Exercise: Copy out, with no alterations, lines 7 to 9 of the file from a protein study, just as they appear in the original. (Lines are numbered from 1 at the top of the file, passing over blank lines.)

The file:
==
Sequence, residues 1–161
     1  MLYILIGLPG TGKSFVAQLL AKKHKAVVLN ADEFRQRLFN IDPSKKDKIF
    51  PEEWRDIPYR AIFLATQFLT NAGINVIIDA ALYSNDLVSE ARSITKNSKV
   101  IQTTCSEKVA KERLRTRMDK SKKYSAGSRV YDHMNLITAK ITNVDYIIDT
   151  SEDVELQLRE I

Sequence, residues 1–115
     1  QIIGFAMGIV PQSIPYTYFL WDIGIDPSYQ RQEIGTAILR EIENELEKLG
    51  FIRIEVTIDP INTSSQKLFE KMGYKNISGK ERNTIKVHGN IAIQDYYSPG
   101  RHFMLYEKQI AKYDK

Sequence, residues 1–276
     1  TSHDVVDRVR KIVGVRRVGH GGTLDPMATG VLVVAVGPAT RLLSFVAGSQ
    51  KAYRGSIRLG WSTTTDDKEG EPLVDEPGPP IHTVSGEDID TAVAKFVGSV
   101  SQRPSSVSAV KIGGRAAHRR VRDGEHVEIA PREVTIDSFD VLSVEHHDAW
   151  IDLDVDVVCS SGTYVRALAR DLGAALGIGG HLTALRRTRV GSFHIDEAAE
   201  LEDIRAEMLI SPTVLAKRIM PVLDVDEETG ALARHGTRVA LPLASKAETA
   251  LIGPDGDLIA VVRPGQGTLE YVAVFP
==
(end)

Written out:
     1  QIIGFAMGIV PQSIPYTYFL WDIGIDPSYQ RQEIGTAILR EIENELEKLG
    51  FIRIEVTIDP INTSSQKLFE KMGYKNISGK ERNTIKVHGN IAIQDYYSPG
   101  RHFMLYEKQI AKYDK